16 March – My Own Personal Holiday

For the second year in a row, 16 March is a significant day for me. Going forward, I think I am going to informally consider today’s date as my personal “New Beginning Day” day.

Last year, 16 March 2012 was my first day “post-treatment” for prostate cancer. My radiation treatment for prostate cancer was over – I had endured forty-four (44) consecutive sessions of external beam radiation therapy and by this date a year ago I was “done” (the treatment side effects lingered for a while but more on that another time).


On this day last year, I was filled with hope and optimism about the future and resolved I would make my life the way I had always envisioned it to be, or at least as close as possible. It was my first day of wellness and I was excited…

Fast-forward to 16 March 2013 – one year later. After a particularly challenging year at work, my business partner and I have decided to close our store at its current location and re-open it in a different area of Cleveland. It was a long-discussed, agonizing decision that caused us both many sleepless nights and endless days of worry.


In the end, we decided we had no choice but to make the move and I am quite excited about it. I worked my last day in our existing store yesterday so, again, 16 March is another new beginning for me. It is the first day on my new journey to greater business success.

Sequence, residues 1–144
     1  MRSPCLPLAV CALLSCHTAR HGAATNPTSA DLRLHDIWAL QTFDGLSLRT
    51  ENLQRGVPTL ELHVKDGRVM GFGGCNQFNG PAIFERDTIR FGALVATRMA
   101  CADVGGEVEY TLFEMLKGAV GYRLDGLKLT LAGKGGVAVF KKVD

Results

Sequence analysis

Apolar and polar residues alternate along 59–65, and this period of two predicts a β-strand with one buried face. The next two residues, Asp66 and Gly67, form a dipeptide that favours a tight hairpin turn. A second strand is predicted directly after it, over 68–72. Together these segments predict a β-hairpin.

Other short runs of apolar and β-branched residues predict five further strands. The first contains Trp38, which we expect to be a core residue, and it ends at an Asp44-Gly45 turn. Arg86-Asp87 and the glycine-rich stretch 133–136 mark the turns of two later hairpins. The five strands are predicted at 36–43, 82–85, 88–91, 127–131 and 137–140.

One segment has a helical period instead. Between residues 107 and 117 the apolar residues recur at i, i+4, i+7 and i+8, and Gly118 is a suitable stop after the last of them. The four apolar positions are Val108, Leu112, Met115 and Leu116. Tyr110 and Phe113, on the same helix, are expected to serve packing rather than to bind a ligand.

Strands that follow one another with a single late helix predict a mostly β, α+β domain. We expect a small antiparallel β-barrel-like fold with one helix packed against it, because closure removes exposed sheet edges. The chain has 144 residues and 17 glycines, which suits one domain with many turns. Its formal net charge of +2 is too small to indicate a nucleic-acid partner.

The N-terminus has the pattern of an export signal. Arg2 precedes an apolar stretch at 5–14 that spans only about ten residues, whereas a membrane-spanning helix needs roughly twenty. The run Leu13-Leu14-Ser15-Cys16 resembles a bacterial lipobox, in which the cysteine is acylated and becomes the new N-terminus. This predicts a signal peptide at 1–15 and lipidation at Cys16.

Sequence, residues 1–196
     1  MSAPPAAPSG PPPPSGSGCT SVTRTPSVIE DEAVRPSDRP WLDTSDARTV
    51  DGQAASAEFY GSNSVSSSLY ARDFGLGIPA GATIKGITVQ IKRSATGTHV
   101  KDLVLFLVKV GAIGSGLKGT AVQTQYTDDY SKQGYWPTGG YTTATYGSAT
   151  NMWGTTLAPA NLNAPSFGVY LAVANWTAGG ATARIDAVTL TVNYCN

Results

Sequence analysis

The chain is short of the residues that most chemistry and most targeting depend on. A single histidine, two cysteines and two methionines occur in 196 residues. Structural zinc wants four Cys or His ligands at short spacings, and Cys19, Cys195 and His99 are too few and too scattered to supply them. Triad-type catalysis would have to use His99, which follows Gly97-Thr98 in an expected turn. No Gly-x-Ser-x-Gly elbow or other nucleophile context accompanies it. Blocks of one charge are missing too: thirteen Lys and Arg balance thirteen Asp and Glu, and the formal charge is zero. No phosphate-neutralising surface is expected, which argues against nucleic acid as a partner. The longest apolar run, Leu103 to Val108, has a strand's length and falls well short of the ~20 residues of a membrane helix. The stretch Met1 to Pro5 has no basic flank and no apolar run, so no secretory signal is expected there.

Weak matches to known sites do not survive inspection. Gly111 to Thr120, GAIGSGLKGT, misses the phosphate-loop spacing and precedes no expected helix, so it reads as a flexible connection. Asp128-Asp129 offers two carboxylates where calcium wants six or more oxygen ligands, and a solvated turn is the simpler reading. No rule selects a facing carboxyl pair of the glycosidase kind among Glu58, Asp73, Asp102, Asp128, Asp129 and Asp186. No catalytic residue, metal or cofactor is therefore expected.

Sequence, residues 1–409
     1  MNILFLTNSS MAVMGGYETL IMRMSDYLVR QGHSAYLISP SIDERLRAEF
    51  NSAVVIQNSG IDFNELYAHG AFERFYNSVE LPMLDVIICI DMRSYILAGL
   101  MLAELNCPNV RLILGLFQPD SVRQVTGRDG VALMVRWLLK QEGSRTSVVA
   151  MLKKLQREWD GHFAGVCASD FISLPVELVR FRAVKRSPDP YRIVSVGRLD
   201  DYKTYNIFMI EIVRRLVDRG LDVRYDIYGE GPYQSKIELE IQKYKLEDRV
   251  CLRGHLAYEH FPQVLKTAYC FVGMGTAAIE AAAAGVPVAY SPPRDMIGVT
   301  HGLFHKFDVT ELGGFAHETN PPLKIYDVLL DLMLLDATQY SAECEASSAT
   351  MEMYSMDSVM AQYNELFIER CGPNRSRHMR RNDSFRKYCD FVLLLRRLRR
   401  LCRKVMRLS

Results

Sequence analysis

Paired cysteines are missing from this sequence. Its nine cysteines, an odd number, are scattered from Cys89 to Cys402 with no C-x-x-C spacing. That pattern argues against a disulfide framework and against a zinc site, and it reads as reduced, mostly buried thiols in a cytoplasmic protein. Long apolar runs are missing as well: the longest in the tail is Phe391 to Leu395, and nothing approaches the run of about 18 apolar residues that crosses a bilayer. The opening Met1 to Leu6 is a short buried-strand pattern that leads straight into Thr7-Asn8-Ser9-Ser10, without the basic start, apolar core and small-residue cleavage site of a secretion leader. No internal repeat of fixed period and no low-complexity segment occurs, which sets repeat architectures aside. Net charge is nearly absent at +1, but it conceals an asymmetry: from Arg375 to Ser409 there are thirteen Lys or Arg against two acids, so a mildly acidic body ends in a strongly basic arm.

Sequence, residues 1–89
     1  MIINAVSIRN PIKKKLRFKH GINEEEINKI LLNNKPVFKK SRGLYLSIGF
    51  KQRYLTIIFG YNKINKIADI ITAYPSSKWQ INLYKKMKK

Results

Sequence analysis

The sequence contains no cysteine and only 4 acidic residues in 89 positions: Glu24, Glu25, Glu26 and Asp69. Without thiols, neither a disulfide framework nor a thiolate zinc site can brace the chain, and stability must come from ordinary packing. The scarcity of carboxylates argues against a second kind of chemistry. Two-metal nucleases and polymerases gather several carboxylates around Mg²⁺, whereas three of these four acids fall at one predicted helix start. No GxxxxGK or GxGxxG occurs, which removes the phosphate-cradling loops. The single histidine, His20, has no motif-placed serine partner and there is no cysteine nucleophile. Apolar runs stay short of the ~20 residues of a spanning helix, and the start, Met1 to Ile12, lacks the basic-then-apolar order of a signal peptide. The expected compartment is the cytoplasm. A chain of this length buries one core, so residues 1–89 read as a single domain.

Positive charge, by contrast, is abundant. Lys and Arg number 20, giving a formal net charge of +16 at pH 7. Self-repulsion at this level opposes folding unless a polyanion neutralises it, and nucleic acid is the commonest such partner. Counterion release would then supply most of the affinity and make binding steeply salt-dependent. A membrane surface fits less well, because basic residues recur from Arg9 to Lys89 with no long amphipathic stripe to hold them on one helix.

I shared this story with a friend and he just shook his head. “Wow, that’s a lot happening in twelve months – cancer treatment, closing a business. I know you must be sad and tired.” 

head in hands

Tired?  Sure. Sad?  Not so much. More like – Grateful. Excited. Happy. All in all, I actually consider myself to be pretty lucky…

I mean, so far, I am a “Cancer Survivor.”  All my numbers look good, the side effects have all but vanished, my overall general health is great so I am lucky.group fingers

I will be celebrating five years this August with the most wonderful partner ever, my beloved Martin. I thank The Universe every day that he came into my life and I cannot even fathom my future without him. He’s the best!!!

finer couple

I am lucky to be in business with another great guy, Scott, who is the perfect complement to my craziness. This may sound weird, but we are a great team and balance one another well. Our skill sets “mesh” and that is amazing.yin

I know my store is “closing” but we are only re-locating, not closing forever. Every successful business has to re-adjust and re-define itself periodically to continue to be successful and grow. So, I am lucky in that respect, too.